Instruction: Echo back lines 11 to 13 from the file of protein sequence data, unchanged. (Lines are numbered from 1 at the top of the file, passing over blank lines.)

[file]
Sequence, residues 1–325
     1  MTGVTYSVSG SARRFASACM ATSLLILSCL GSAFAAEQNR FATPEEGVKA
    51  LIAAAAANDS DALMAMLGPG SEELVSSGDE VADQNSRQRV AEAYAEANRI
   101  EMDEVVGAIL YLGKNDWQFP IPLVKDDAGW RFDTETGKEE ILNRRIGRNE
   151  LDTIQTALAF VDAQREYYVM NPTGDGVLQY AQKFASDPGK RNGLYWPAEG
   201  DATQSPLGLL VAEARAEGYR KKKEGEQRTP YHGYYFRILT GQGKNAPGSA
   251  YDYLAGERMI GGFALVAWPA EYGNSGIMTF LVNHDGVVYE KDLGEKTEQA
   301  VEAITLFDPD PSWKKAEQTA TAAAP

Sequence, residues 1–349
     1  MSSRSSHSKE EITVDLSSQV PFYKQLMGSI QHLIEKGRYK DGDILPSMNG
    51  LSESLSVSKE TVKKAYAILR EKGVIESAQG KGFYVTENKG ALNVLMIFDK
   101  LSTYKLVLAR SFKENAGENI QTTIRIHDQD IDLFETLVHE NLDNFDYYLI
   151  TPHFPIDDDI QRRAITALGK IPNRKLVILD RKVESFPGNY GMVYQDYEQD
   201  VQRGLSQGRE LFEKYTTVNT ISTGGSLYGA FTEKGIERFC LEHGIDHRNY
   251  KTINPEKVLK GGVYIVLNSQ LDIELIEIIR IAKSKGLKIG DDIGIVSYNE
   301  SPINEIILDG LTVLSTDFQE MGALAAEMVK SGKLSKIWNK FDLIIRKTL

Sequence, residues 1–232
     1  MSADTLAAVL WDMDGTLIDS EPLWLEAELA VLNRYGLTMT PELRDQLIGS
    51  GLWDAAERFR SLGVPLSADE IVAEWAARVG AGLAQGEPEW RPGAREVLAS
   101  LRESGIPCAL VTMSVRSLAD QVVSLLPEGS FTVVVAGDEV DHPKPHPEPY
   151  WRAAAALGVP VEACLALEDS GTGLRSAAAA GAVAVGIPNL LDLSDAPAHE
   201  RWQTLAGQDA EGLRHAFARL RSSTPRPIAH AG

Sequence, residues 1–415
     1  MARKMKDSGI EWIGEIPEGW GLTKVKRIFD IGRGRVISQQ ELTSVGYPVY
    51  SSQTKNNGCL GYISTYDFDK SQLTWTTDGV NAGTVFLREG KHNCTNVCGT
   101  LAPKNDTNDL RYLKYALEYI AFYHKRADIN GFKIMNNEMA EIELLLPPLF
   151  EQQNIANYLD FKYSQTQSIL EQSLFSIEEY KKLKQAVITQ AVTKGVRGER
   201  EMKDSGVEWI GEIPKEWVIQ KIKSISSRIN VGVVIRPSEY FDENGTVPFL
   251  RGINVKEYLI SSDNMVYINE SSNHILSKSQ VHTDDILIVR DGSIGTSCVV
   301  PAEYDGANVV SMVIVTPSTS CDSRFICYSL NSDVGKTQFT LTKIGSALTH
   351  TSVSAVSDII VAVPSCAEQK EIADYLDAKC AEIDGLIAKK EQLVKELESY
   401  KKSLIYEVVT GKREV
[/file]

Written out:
    51  LSESLSVSKE TVKKAYAILR EKGVIESAQG KGFYVTENKG ALNVLMIFDK
   101  LSTYKLVLAR SFKENAGENI QTTIRIHDQD IDLFETLVHE NLDNFDYYLI
   151  TPHFPIDDDI QRRAITALGK IPNRKLVILD RKVESFPGNY GMVYQDYEQD